Sbigniew Karkowski

Sbigniew Karkowski

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Zbigniew Karkowski
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Zbigniew Karkowski was born March 14, 1958 in Krakow, Poland; he passed away December 12, 2013 in Peru. He studied composition at the State College of Music in Gothenburg, Sweden, aesthetics of modern music at the University of Gothenburg's Department of Musicology, and computer music at the Chalmers University of Technology. After completing his studies in Sweden, he studied sonology for a year at the Royal Conservatory of Music in Den Haag, Netherlands. During his education, he also attended many summer composition master courses arranged by Centre Acanthes in Avignon and Aix-en-Provence, France, studying with Iannis Xenakis, Olivier Messiaen, Pierre Boulez, and Georges Aperghis, among others. He worked actively as a composer of both acoustic and electroacoustic music. He has written pieces for large orchestra (commissioned and performed by the Gothenburg Symphony Orchestra), plus an opera and several chamber music pieces that were performed by professional ensembles in Sweden, Poland, and Germany. He was a founding member of the electroacoustic music performance trio "Sensorband." Zbigniew had lived and worked in Tokyo, Japan for the past eight years, and was active in the underground noise scene there.
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Zbigniew Karkowski Discography Tracks

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CLOCKDVA* Bitstream H₃O₂ (as Sbigniew Karkowski) CLOCKDVA* - Bitstream (Maxi) Contempo Records US 1992 Sell This Version

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bernardrone

bernardrone

May 5, 2016
Does anyone know where to find his scores or a list of the pieces he composed for accoustic musicians?
cblanger

cblanger

December 19, 2013
Zbigniew Karkowski (1958-2013)
"Many say they are sorry to hear of Zbigniew Karkowsky's death. I, for one, am not.

I still hear Zbigniew's infectious laugh, hear his voice, see the sparkle of mischief in his eyes. Ripping a poster of an exhibition that my piece BLIND DATE was in off the window of a packed Yamanote-sen in Tokyo, then showing it to a suited salaryman and encouraging him to take his children to look for it in the show. Both of us laughing hysterically when the train was gone.

Zbigniew always seemed utterly without fear. His final gesture, traveling for hours in a canoe into the Amazon jungle directly after flights from Europe lasting nearly 24 hours, to be treated by a Shipbo shaman is perfectly in keeping with everything else he did. All the way, no compromise. His final wish, if the treatment failed, was to be left in the jungle to be eaten. No ceremony, no grave. If it succeeded as he hoped, he said he would bring back stories of the adventure. Somehow, I still expect to hear them.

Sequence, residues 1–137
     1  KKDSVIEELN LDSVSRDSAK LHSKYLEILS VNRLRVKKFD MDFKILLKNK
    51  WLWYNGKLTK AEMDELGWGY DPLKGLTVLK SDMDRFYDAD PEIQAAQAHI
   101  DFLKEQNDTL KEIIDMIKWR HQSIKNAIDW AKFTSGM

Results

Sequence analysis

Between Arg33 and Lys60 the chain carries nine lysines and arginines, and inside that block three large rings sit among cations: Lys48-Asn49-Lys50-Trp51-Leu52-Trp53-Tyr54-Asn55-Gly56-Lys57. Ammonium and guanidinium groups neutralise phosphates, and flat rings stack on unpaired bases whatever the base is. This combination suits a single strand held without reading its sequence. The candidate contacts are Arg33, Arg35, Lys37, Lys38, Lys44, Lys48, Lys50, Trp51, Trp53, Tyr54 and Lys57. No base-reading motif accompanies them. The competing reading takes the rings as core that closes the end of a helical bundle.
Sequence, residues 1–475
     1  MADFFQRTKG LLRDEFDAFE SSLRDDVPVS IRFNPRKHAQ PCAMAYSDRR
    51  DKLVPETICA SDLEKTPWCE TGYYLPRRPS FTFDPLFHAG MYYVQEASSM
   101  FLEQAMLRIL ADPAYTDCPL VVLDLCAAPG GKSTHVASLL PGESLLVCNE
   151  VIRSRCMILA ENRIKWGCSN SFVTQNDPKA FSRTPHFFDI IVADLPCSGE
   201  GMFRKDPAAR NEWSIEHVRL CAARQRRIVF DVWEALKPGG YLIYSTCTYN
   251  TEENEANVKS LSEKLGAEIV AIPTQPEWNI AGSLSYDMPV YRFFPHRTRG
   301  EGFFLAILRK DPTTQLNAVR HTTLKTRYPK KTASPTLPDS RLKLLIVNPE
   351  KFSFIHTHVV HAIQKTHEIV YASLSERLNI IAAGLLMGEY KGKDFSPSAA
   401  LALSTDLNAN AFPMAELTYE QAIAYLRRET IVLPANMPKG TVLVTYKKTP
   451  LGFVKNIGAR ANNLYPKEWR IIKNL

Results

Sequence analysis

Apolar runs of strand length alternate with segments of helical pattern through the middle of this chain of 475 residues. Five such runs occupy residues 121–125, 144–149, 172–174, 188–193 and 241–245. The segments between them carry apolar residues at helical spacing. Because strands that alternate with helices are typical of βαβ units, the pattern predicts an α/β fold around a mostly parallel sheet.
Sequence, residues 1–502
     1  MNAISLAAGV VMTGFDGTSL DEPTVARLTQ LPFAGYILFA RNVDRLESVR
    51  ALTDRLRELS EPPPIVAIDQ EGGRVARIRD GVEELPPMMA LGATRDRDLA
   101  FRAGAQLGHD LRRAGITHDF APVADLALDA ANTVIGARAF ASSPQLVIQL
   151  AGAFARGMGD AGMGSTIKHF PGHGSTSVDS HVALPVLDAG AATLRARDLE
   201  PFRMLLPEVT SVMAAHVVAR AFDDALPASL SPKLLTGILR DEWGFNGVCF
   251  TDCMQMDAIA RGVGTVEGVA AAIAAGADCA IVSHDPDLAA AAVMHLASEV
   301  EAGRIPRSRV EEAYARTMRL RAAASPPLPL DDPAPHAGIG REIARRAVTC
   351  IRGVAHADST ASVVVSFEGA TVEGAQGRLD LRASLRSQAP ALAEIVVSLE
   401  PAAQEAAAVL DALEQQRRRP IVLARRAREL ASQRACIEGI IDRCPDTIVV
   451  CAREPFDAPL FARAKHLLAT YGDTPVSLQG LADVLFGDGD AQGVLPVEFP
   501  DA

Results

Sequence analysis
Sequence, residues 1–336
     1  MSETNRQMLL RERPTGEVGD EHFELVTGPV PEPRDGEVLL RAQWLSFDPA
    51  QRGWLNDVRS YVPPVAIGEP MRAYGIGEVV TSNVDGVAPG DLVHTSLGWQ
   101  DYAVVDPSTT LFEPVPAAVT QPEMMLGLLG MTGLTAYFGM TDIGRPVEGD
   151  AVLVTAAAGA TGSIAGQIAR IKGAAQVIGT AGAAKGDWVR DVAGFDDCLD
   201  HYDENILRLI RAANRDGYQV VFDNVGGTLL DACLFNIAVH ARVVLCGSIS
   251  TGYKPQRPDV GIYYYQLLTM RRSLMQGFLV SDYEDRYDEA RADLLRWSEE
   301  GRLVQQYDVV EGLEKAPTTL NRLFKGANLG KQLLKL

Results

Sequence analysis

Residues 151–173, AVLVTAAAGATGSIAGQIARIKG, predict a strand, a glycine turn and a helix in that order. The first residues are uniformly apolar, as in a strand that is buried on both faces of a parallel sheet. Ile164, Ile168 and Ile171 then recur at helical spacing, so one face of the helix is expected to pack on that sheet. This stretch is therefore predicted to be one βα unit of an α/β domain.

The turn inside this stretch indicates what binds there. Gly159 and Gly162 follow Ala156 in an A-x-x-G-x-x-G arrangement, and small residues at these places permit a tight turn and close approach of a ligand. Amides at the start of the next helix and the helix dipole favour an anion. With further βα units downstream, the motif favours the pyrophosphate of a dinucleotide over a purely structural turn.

A Karkowsky concert often meant that we would see smoke rising from the burning speakers of the overdriven PA, fumes clearing the room. As much as he seemed to enjoy it when that happened, frankly I doubt that this was ever done for effect: he simply demanded that his music be heard with the power that he intended, that he himself heard. During a residency, one of several, at The Compound in San Francisco, director Naut Humon proudly remembered that Zbigniew played lower frequencies at volumes so high that they shattered the toilet bowl. Musicians who worked with him often spoke of him with unabashed admiration, said they looked forward to a chance to do it again.

Yes, Zbigniew was often cruel when drunk, plenty of those stories to go around. So far, I have yet to meet anyone who isn't. Alcohol is a seductive, motherless bitch to anyone who lets her have her way. She slams doors of friendship shut and, under her influence, Zbigniew slammed a few more than his share.

When Zbigniew moved to Tokyo, he was fortunate enough to meet Atsuko (I never did hear her last name), who stayed together with him for fifteen years, travelled to Greece to spend a last several days together, saw him off in Paris for the flight to Peru. If she and I never meet, here I send her a huge, heartfelt Thank You.

So today, and many more days like it, will be spent thinking of that laugh, that love of entertaining friends, that cavalier and uncompromising sense of daring. One of the first phrases in Japanese that Zbigniew said he learned was 'Omanko wa oishii' -- 'Cunt is delicious'. Here, too, he was absolutely right."

(John Duncan, 13.12.2013.)

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